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How to code a read file line by line in linux C?

In windows C++ I use ifstream.

I dont know about linux, please advice?

Okay chill out guys, don't down so much.

here is the code:

char fpath = "file.txt";
char names;
FILE *fp;

ifstream fs(fpath);

while (fs >> names)
{
  // here is some buffer to send to a server.
}

So here I need to read each line from file.txt and send each of those to a server.

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closed as not a real question by Oded, Mr. Alien, Jonathan Leffler, Mark, Paul R Nov 25 '12 at 21:37

It's difficult to tell what is being asked here. This question is ambiguous, vague, incomplete, overly broad, or rhetorical and cannot be reasonably answered in its current form. For help clarifying this question so that it can be reopened, visit the help center.If this question can be reworded to fit the rules in the help center, please edit the question.

3  
What have you tried? Web is full of examples. – effeffe Nov 25 '12 at 20:22
    
I have tried ifstream. but i dont know what library thats from for linux? – user1553142 Nov 25 '12 at 20:23
    
By writing code, perhaps? – user529758 Nov 25 '12 at 20:23
    
@user1553142 not "on linux" or "on windows" - it's standard C++, it's linked by default (on any reasonable implementation). – user529758 Nov 25 '12 at 20:23
1  
C on linux :) like the title says. – user1553142 Nov 25 '12 at 20:28
up vote 2 down vote accepted

On linux you have the POSIX library available, so you want to use getline.

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Got it. Thanks. – user1553142 Nov 25 '12 at 20:36

The fgets function in the standard C library reads a line, both on Windows and Linux.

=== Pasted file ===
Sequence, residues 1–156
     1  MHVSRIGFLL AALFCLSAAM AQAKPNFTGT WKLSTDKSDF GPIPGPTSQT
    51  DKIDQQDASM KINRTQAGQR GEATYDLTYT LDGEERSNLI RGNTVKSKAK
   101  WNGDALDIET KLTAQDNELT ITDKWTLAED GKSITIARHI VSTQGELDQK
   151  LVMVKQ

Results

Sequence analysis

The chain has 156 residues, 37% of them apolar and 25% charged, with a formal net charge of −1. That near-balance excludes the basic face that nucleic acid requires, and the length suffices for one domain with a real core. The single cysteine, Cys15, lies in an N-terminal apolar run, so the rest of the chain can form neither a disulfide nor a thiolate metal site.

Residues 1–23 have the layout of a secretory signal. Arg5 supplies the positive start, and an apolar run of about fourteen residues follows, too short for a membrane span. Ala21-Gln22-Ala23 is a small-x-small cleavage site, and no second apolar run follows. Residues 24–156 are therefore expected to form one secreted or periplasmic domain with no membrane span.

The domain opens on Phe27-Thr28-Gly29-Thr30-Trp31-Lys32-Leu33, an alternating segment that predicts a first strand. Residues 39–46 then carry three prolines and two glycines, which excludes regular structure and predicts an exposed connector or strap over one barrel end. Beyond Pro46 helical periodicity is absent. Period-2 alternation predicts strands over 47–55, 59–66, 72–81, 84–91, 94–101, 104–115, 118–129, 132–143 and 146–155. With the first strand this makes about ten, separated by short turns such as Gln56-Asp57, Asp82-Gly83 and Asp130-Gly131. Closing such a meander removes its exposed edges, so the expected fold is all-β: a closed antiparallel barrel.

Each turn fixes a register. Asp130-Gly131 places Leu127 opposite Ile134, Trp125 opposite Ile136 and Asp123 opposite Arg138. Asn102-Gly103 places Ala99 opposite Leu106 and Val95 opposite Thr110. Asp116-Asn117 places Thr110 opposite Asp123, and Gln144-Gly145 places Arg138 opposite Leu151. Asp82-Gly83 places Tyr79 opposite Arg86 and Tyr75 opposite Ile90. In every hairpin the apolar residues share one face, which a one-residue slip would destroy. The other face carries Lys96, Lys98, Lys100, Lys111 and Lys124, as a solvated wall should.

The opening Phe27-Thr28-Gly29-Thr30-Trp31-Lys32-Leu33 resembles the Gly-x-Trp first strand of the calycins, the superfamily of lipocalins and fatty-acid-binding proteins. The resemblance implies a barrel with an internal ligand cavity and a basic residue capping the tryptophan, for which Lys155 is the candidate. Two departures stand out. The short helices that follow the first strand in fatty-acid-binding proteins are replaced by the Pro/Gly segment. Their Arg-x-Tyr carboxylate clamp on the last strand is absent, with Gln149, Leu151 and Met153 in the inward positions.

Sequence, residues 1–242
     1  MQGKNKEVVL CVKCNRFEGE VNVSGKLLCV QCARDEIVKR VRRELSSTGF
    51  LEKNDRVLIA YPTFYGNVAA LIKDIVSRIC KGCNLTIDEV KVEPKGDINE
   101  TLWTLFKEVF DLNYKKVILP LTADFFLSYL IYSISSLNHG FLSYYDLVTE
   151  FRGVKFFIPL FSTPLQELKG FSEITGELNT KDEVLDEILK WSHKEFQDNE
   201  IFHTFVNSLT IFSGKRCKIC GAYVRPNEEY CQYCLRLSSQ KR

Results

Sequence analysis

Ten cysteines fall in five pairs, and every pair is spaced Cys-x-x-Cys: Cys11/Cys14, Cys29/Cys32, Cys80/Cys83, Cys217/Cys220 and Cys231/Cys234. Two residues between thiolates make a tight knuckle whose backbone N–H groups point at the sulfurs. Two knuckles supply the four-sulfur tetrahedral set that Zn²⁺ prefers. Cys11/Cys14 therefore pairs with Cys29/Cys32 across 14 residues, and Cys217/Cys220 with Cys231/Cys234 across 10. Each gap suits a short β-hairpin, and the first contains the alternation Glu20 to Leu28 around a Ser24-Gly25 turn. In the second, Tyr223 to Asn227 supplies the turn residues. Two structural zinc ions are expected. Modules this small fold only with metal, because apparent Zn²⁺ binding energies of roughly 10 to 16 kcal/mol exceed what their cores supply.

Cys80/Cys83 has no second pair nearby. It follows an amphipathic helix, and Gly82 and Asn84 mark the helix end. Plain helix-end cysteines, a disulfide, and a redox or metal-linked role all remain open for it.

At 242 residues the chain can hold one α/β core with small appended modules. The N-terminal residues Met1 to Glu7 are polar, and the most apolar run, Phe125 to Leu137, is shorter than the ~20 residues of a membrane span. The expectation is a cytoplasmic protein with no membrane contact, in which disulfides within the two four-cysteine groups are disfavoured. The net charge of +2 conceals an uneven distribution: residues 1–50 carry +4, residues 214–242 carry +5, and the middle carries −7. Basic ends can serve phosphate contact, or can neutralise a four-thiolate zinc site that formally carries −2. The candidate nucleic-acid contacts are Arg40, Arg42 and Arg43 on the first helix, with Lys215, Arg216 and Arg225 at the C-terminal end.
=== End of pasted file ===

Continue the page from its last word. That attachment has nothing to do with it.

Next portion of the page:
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1  
Please don't use or recommend fgets expect for fixed format files; for free format files use getline if you have POSIX, or use a included implementation of getline or something equivalent if you don't. – dmckee Nov 25 '12 at 20:29
    
I don't see a problem with fgets. It's safe in that it never overruns the allocated buffer. It won't read the whole line if it happens to be too long, but it's an open question how you want to treat very long lines. You might not want a gigabyte to be allocated on the heap by getline when reading a file in a completely unknown format. – Alexey Feldgendler Nov 25 '12 at 20:38
    
On the whole your right that it is safe and I was recoiling from plain ole gets, but if you don't know how long the lines are you have to add a bunch of cruft to deal with the "Oh, wait. We haven't gotten to the end yet" case. The complete solution is to implement an incremental parser, but getline is relatively easy and robust as long as your memory holds out. – dmckee Nov 25 '12 at 20:42
    
Anyway, without knowing what OP wants to achieve, this is but speculation. – Alexey Feldgendler Nov 25 '12 at 20:45

In windows C++ I use ifstream.

ifstream is part of the C++ standard library and not bound to any operating system. ifstream works in Linux just as it does in Windows.

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1  
Except that he insists he's working in c. – dmckee Nov 25 '12 at 20:32
    
This is not the answer... this is not an answer at all. – effeffe Nov 25 '12 at 20:34
    
@effeffe Teachers in Universities confuse C, and C++ they think it's the same, maybe that's why he is confused also. – Alberto Bonsanto Nov 25 '12 at 20:36
    
@effeffe: I think, OP does not really know (yet) what he wants. Does he want to read a file line by line with C as he can do with C++/ifstream; or does he wonder how to do it in Linux and somehow fell for the misconception that he was forced to use C for this. – datenwolf Nov 25 '12 at 20:36
    
@effeffe: Well, not at my university ;) All the teachers giving programming courses do know the differences very well on my Uni. – datenwolf Nov 25 '12 at 20:37

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